remain available as the more appropriate payment to help young people
transition from school into work or post-secondary study'.
This measure was announced in the May 2013 federal budget by the
previous government. The change will commence on 1 January 2014. The 2013–14
Budget Papers estimate savings from the measure of $76.6 million over four
years: $7.5 million in 2013–2014; $22.7 million in 2014–15; $23.9 million
in 2015–16; and $24.6 million in 2016–17.
DSS confirmed that the saving of $76 million takes into account not only the
saving from terminating the payment of Family Tax Benefit A, but also the cost
of the person taking up the youth allowance.
The committee expressed interest in the process for moving from receipt
of Family Tax Benefit A (at the end of the calendar year in which they
completed Year 12) to a youth allowance payment (should they decide to
study full time at tertiary level). DSS officials told the committee that this
transition was possible, provided the person had applied to study at tertiary
In a response to a Question on Notice, DSS confirmed that:
FTB recipients are currently sent a letter if they have a
child who will complete Year 12 to advise them of the effect on their FTB, and
the letter also advises about the option for the child to claim Youth
Allowance. This process would continue to apply under the new measure in
Schedule 3 to the Social Services and Other Legislation Amendment Bill 2013
(Family tax benefit and eligibility rules).
Schedule 4—Period of Australian working life residence
Schedule 4 of the bill relates to eligibility for the age pension for recipients
living outside Australia. The current requirement for age pensioners to receive
the full pension where they have been living abroad for 26 weeks or more is for
25 years of residency during their Australian working life (16 years of age to
pension age). The Parliamentary Library's Bills Digest gives the example
of a person with 16 years Australian residency (16/25) during their working
life receiving 64 per cent of the rate otherwise payable if they
resided in Australia.
Schedule 4 proposes that from 1 January 2014, age pensioners will be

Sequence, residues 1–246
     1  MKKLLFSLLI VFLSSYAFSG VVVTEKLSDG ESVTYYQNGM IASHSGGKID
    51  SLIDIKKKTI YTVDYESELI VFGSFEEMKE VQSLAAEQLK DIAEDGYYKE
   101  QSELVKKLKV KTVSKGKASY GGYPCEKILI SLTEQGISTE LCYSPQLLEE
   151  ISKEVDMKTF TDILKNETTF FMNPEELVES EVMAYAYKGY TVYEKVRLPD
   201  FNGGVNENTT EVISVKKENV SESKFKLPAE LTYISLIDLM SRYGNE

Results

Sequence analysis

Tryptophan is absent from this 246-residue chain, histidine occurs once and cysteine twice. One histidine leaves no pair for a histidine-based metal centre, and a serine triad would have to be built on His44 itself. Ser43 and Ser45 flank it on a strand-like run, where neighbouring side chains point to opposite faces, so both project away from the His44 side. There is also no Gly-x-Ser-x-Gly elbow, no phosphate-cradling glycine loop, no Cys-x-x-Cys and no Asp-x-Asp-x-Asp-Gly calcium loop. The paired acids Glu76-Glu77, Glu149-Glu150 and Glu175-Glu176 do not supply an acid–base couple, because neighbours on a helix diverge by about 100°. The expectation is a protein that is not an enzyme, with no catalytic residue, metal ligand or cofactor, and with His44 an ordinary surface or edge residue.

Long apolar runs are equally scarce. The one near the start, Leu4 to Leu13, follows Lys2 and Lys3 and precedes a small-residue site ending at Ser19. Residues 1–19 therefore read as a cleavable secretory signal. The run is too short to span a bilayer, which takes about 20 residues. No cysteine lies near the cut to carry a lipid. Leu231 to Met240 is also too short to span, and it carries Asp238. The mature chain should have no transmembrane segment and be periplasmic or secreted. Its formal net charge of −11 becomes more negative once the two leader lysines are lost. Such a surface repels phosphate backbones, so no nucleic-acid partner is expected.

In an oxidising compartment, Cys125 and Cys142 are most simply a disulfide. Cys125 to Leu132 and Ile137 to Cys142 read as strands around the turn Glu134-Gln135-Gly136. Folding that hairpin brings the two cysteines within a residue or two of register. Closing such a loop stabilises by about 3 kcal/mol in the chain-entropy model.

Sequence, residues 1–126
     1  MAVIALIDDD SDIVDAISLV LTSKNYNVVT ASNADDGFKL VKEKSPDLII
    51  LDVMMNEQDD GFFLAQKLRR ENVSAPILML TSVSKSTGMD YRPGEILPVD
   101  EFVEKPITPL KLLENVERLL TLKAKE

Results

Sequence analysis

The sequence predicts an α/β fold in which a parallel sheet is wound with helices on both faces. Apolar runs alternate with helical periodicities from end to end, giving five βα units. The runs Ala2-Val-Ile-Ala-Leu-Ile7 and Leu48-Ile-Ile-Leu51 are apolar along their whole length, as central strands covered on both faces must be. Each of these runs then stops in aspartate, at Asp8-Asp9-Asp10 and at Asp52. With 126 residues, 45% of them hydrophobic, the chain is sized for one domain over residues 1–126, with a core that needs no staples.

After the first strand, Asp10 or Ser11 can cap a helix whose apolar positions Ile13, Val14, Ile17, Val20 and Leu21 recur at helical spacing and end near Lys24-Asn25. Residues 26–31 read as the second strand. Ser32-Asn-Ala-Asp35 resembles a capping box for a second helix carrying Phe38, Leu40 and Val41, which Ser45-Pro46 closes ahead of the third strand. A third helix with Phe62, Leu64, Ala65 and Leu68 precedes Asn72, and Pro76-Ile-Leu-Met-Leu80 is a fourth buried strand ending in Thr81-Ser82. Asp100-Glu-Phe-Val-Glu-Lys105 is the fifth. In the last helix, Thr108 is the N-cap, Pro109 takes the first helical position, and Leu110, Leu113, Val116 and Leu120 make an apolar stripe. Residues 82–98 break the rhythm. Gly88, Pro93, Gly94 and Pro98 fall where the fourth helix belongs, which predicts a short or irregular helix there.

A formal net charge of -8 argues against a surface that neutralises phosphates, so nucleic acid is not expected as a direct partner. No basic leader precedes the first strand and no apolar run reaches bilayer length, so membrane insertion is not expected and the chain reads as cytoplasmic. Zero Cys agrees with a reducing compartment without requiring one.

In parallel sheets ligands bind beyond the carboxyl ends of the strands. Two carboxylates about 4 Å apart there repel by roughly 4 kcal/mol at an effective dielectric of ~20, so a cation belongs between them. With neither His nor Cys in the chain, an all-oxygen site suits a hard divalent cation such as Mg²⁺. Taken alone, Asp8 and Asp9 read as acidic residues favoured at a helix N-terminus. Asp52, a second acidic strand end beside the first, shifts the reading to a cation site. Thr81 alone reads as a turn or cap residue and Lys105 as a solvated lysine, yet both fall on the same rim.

required to have been Australian residents for 35 years during their working
life to receive the full means-tested pension after 26 weeks' absence from
Australia. Where they have been absent from Australia for 26 weeks or more, the
full pension is payable only where the person has been a resident for 35 years
of their Australian working life. If they have been an Australian resident for
less than 35 years, their pension would reduce proportionately.
Possible impact of the measures in
In the Bills Digest, the Parliamentary Library reproduced estimates
from FaHCSIA officials at a Senate Estimates hearing in May 2012 that:
around 5,400 pensioners go overseas permanently each year and of
these, around 2,100 are paid under social security agreements with New Zealand
and Greece; and
of the 3,300 who leave Australia permanently each year, around
'858 have less than 25 years working life residence, 759 have between 25 and 35
years Australian working life residence and 1683 have more than 35 years
Australian working life residence'.
The Bills Digest extrapolates that:
If current trends were to continue under the new rules, then
around half of those pensioners who leave Australia permanently each year will
not receive a full pension payment, compared to 26 per cent under the existing
rules. Around 4,000 pensioners leave Australia temporarily each year and those
that stay overseas for 26 weeks can also have their payments reduced under the
portability rules. No estimates have been published as to how many of the 4,000
stay overseas longer than 26 weeks, nor how many might be affected by the AWLR
Another indication of the possible impact of this measure comes from the
2012–13 Budget Papers, where the measure was first announced. Budget Paper No.
2 estimated that the government will achieve savings of $50.8 million over four
years by amending the Australian Working Life Residence rules applying to the age
pension, from 1 January 2014.
DSS confirmed at the public hearing that this estimated cost saving remains
The Council on the Ageing (COTA) supported the proposed measures in
Schedule 4, noting that the reforms would bring Australia into line with other
Organisation for Economic Cooperation and Development (OECD) countries.
National Seniors Australia expressed some concern that the amendment
could impact the pension payment of people who are currently overseas—having made
their retirement plans based on the previous 25 year rule—and need to return to
Australia for a period of longer than 26 weeks, before returning abroad.
Schedule 5—Interest charges for certain student debts
The Parliamentary Library's Bills Digest notes that a social
security debt arises when payments are made to a person who is not entitled, or
when overpayments are made to an entitled recipient. It explains that this
situation may arise where an individual has failed to declare income or assets
that would have been taken into account by the means test, and would have resulted